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Publication numberUS5746203 A
Publication typeGrant
Application numberUS 08/721,140
Publication dateMay 5, 1998
Filing dateSep 26, 1996
Priority dateSep 26, 1996
Fee statusLapsed
Publication number08721140, 721140, US 5746203 A, US 5746203A, US-A-5746203, US5746203 A, US5746203A
InventorsRush W. Hood, Jr.
Original AssigneeJohnson & Johnson Medical, Inc.
Export CitationBiBTeX, EndNote, RefMan
External Links: USPTO, USPTO Assignment, Espacenet
Failsafe supervisor system for a patient monitor
US 5746203 A
Abstract
A failsafe supervisor system for a patient monitor which integrates the functions of coordinating the turning on/off of the patient monitor with the user and the system software, alerting the operator in the event the patient monitor turns off due to a power failure, and alerting the operator to improper operation of the patient monitor system's processor hardware or software. Upon detection of such unexpected changes of state or malfunctions during operation of the patient monitor, the patient monitor is powered down in a failsafe manner to a safe state. Additionally, the failsafe supervisor system optionally allows the operator to select a service mode when turning on the monitor, thereby facilitating testing. The entire failsafe supervisor system is preferably implemented in a small one-chip microcontroller so that it can be readily incorporated into the patient monitor's microprocessor control system.
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Claims(7)
What is claimed is:
1. A patient monitor which collects parameter data related to physiological parameters of a patient and displays said parameter data, said monitor comprising:
means for collecting said parameter data;
a display processing means for processing said parameter data and displaying the processed parameter data on said display and for providing watchdog pulses indicating at least whether said collecting means and said parameter processing means are operating properly;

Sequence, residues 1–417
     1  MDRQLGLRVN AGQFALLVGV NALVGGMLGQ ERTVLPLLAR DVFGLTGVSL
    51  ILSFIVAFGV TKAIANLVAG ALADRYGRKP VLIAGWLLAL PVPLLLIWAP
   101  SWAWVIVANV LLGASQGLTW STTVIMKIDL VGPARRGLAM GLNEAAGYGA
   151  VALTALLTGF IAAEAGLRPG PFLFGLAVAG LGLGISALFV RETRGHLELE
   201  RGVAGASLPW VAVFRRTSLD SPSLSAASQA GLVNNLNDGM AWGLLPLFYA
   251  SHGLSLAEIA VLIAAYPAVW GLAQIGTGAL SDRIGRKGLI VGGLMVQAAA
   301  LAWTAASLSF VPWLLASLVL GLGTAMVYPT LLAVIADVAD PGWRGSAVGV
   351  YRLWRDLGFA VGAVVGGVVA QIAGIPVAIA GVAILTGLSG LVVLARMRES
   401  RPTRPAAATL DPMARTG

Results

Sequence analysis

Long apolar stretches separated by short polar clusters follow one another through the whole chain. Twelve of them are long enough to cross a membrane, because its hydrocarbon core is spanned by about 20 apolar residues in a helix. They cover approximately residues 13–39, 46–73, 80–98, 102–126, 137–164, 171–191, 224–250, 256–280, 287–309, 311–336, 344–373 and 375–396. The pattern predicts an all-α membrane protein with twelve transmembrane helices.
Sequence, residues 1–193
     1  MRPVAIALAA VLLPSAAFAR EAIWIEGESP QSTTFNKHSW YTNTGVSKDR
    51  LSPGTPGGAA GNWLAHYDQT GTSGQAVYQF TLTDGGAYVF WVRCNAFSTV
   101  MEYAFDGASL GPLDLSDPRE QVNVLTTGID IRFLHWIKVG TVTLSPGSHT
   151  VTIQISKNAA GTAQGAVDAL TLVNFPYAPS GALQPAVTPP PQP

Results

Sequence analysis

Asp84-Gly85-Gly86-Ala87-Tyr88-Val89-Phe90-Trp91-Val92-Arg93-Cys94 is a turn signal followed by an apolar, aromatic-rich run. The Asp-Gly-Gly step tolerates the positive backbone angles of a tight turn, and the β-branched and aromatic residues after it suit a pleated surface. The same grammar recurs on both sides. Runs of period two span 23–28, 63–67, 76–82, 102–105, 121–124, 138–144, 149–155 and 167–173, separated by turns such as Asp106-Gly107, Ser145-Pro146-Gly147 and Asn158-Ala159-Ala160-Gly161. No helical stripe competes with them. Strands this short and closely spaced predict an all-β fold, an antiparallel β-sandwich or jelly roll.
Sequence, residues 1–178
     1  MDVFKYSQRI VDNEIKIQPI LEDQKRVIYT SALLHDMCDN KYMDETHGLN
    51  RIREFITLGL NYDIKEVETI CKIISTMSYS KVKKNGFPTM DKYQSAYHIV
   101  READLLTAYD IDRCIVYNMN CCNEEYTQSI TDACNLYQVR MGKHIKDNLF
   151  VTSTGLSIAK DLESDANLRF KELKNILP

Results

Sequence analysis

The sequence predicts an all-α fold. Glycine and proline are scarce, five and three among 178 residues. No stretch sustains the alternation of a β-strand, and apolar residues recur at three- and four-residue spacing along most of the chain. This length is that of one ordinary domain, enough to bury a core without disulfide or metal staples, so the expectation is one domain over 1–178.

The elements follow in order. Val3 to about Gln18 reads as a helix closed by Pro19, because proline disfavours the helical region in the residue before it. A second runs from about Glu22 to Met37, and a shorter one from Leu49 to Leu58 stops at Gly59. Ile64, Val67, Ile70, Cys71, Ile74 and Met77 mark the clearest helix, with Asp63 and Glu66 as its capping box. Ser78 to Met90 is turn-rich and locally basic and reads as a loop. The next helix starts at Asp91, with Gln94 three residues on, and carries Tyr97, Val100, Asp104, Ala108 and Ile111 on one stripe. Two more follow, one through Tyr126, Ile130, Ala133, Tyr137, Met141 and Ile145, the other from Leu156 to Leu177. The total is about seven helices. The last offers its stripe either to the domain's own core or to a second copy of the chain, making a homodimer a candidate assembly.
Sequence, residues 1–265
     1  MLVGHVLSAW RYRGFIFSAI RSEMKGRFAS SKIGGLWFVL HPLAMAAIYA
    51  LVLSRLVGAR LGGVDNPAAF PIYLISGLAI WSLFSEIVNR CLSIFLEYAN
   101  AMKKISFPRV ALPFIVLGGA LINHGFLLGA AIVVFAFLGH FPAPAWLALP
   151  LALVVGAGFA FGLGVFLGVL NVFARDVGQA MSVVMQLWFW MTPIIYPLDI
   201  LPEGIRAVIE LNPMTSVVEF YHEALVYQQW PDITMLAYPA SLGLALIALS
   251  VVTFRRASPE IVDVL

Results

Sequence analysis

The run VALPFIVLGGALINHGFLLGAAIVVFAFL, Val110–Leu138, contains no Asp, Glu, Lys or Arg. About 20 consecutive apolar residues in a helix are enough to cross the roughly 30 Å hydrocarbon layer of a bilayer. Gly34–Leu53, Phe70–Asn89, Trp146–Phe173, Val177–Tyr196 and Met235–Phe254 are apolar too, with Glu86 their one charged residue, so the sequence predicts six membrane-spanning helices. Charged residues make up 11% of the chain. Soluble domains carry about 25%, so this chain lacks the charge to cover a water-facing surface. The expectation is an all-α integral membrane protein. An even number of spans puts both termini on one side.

a power supply for selectively providing power to said display, said collecting means, and said parameter processing means upon receipt of a power up or power down signal;
an alarm which sounds upon receipt of an error signal;
an on/off button for selectively turning on/off said patient monitor; and
a failsafe supervisor processing means responsive to said on/off button for selectively providing said power up or said power down signals to said power supply and responsive to said watchdog pulses for generating said error signal to sound said alarm when a watchdog pulse is not received by said failsafe supervisor processing means in a predetermined period of time.
2. A patient monitor as in claim 1, further comprising a backup battery for powering said failsafe supervisor processing means at least when said power supply is turned off.
3. A patient monitor as in claim 1, wherein said failsafe supervisor processing means sends an off request to said parameter processing means to cause said parameter processing means to cease its parameter processing in a failsafe manner prior to sending said power down signal to said power supply upon depression of said on/off button while said patient monitor is in an on state.
4. A patient monitor as in claim 1, wherein said failsafe supervisor processing means starts a forced-off timer when said on/off button is depressed while said patient monitor is in an on state, and if said forced-off timer reaches a predetermined count before said on/off button is released, said patient monitor is powered down in a failsafe manner irrespective of the status of any parameter processing by said parameter processing means.
5. A patient monitor as in claim 1, wherein when a watchdog pulse is not received by said failsafe supervisor processing means in said predetermined period of time and said alarm is sounded, said failsafe supervisor processing means starts a failsafe off timer which causes said power down signal to be sent to said power supply after a power down time interval in the event no action is taken by the operator during said power down time interval in response to said alarm.
6. A patient monitor as in claim 1, wherein when a watchdog pulse is not received by said failsafe supervisor processing means in said predetermined period of time and said alarm is sounded, said failsafe supervisor processing means starts an alarm timer which turns off said alarm after an alarm time interval in the event no action is taken by the operator during said alarm time interval to turn off said alarm.
7. A patient monitor as in claim 1, wherein said failsafe supervisor processing means comprises a one-chip microcontroller.
Description
BACKGROUND OF THE INVENTION

1. Field of the Invention

The present invention relates to a failsafe supervisor system for a patient monitor, and more particularly, to a failsafe supervisor system which controls the application of power to a patient monitor, alerts the operator to unexpected changes of power state or of malfunctions, and powers down the patient monitor to a safe state when such changes or malfunctions are detected.

2. Brief Description of the Prior Art

Various protection systems, such as those implemented with watchdog timers, have been used in patient monitors in the prior art to detect malfunctions and to safely power down the patient monitor. However, protection systems connected with particular functions, such as the turning on and turning off of the patient monitor, as well as alerting the operator to monitor failures, have been developed in an ad hoc fashion. No consistent, failsafe, power up and power down operation has been used in prior art systems.